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Stress and Depression and…Neuritin?

The views expressed are those of the author and are not necessarily those of Scientific American.


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When I saw all the headlines going around focused on this paper, I KNEW I had to check it out. Heck, sometimes Twitter is faster than my Pubmed alerts! “Chronic Stress, Mood Disorders Linked In New Research On Rats“, “Stress Blocks Gene That Guards Brain Against Depression

The link between stress, dysregulations of the hypothalamic pituitary adrenal axis, and depressive-like symptoms in animals and depression in humans is actually really well known. We can put down our “stress linked to depression” headlines, now. In fact, other papers from the same lab as this paper have shown the link between stress and depression many, many times. We know stress correlates with depression and that stress can produce depressive like symptoms in animals.

But this paper? This paper is very new, and very cool! Not because it shows a link between stress and depression. This new finding, the gene neuritin, joins a group of things linking stress and depression, including BDNF, glucocorticoid receptors, serotonin 1A receptors, and many more. This is not the first link between stress and depression and it won’t be the last. But it IS a cool finding. Because it presents us with a new antidepressant target, and we can always use one of those.

Son et al. “Neuritin produces antidepressant actions and blocks the neuronal and behavioral deficits caused by chronic stress” PNAS, 2012.

All of the clinical antidepressants that are currently on the market work through one specific mechanism: they increase the levels of certain neurotransmitters in your brain. Increasing levels of serotonin or norepinephrine over a long period of time can alleviate symptoms of depression. Of course, the drugs have slight tweaks in HOW they elevate serotonin or norepinephrine. Some inhibit the recycling of these chemicals (the SSRIs and the SNRIs), some inhibit their breakdown, but either one increases the concentration of neurotransmitter in the spaces between your neurons. Long term administration of these drugs can help alleviate depression.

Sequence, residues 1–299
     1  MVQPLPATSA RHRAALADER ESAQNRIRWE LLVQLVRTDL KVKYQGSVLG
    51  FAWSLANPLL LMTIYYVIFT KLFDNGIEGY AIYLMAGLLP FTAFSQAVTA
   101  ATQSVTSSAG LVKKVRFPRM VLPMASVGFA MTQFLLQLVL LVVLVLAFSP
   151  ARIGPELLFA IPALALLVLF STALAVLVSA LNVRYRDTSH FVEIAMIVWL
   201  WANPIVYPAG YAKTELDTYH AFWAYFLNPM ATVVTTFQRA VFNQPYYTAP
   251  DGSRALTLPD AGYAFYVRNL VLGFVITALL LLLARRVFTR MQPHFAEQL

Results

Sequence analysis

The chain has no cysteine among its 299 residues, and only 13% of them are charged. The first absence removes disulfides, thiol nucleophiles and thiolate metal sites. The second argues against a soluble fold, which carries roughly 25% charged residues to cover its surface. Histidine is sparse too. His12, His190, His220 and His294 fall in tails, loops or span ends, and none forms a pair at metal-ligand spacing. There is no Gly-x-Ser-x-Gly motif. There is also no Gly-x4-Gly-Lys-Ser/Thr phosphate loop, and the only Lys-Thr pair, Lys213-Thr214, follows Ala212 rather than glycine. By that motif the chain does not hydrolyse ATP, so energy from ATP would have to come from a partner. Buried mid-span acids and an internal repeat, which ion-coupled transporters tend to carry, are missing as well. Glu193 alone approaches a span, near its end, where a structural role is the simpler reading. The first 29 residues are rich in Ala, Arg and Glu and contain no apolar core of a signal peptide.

But it doesn’t help in all people. Only about 1/3 of patients get relief of their symptoms from the first drug they try, and only about 2/3 of patients will be successfully treated even after trying multiple drugs. Of those, many people only get mild relief from their symptoms. These are not good numbers. So scientists have been looking for new drug targets, in the hopes of creating new drugs that could be more effective in more patients.

Here’s where we get to mechanism. We’re still not sure how antidepressants have their effects (when they work). We know that just increasing serotonin levels does not relieve depression, and that low levels of serotonin or norepinephrine alone can’t explain all the clinical symptoms. So other theories of what causes depression have come up, some of them related to serotonin and norepinephrine, but which are usually a bit more complex. One of them has to do with neuron birth and growth, what we call neurogenesis (birth), and with neuronal plasticity, which is how neurons change, strengthen, or lose the connections between each other. This is particularly important in the hippocampus, an area of the brain that people usually think of as being important to learning and memory, but which is also extremely important in mood disorders like depression.

And this is where neuritin comes in. Neuritin is a protein from a gene that is involved in neuronal plasticity, helping neurons mature and dendrites grow. People (and animal models) with major depressive disorder (or depressive-like symptoms in animals) often show problems with the hippocampus, with decreased hippocampal size and decreased neurogenesis, as well as decreases in dendritic arborization (which refers to how the dendrites of a neuron spread out as they grow to connect to other neurons, and if arborization sounds tree-ish, that’s because it’s supposed to, that’s a lot what it looks like). So the authors of this study wanted to look at neuritin, to see if this particular cadidate related to neuronal maturation and dendrite growth could be a mediator in depression.